MANILA, Philippines – While Vice President and Education Secretary Sara Duterte mentioned plans on how to address the learning crisis and improve teachers’ welfare, she failed to mention any plans to address malnutrition among students.
“While she did talk about well-being of students, there was a lack of talking about nutrition. It is really important because 1 in 3 children aged 5 is stunted, they are malnourished. Their brains aren’t fully developed on how they should be. It has many repercussions that are life-long,” Philippine Business for Education (PBEd) executive director Justine Raagas said in a Rappler Talk interview on Friday, February 3.
Raagas said while it seems to be “far-off” from education, nutrition and education of students are “intertwined.”
Aral Pilipinas lead convenor Reg Sibal said that sometimes the government forgets this because they are too focused on addressing the problems that they only see.
“There are time that we’re too focused on curriculum and classrooms, and we tend to forget that before the students go to the classrooms, they should be given sufficient things to address their needs,” she said.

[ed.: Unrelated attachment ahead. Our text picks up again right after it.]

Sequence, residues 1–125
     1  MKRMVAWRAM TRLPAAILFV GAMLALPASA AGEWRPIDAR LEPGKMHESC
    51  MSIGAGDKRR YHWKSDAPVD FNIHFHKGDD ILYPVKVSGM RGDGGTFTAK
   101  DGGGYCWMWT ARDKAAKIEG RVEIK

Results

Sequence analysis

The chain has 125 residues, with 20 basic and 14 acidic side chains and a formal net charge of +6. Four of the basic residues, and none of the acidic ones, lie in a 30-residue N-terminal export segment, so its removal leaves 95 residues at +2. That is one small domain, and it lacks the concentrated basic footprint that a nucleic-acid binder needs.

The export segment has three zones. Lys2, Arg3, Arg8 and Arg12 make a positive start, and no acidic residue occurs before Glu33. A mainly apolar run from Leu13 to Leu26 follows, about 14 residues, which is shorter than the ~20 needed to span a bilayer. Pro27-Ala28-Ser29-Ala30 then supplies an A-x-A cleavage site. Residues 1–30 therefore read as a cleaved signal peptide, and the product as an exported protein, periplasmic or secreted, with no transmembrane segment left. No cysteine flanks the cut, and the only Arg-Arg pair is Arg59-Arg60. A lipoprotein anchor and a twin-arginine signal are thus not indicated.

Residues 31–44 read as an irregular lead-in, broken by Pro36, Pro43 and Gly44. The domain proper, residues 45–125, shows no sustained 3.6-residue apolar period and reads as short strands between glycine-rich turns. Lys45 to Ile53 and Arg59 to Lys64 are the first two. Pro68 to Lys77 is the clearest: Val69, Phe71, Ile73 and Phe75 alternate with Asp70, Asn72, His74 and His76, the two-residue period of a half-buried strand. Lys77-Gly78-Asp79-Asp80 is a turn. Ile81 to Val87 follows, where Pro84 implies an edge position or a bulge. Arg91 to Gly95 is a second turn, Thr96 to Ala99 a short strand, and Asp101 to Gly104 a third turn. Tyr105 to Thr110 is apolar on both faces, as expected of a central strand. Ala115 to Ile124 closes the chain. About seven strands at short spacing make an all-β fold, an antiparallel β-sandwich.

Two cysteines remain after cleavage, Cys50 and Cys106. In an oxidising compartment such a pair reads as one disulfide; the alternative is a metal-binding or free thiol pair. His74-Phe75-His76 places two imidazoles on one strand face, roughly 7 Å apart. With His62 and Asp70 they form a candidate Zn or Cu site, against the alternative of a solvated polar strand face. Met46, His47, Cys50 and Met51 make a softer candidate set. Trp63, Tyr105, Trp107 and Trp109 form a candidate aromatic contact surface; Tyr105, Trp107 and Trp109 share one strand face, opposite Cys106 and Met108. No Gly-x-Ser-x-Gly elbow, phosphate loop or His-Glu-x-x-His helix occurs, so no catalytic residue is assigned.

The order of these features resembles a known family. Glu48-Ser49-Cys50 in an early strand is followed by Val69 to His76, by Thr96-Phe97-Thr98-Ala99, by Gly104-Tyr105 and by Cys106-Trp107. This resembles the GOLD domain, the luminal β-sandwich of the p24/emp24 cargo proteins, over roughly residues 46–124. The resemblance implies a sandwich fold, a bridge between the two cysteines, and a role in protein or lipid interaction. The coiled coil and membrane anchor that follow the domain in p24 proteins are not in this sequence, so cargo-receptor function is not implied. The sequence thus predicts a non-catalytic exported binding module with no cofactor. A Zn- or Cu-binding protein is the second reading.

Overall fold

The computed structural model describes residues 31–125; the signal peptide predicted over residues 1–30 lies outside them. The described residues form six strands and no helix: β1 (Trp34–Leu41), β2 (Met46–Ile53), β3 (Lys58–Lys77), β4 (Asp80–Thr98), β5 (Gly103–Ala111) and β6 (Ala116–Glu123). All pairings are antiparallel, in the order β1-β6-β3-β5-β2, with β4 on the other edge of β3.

Both Raagas and Sibal, however, noted that this problem on malnutrition should be a collaboration among government agencies, not just the Department of Education (DepEd).
“This problem isn’t just DepEd alone. Hopefully, it’s not late to be added in the agenda,” Raagas said.
On Monday, January 30, Duterte delivered her Basic Education Report, laying out the challenges and learning reforms for the sector during her term.
Duterte cited the lack of facilities and resources as the “most pressing issue hounding Philippine basic education.” She also noted that the “congested” K to 12 curriculum needs revision to make senior high school graduates “job-ready.”
The Vice President also put a spotlight on teachers’ welfare in addressing the learning crisis. – Rappler.com
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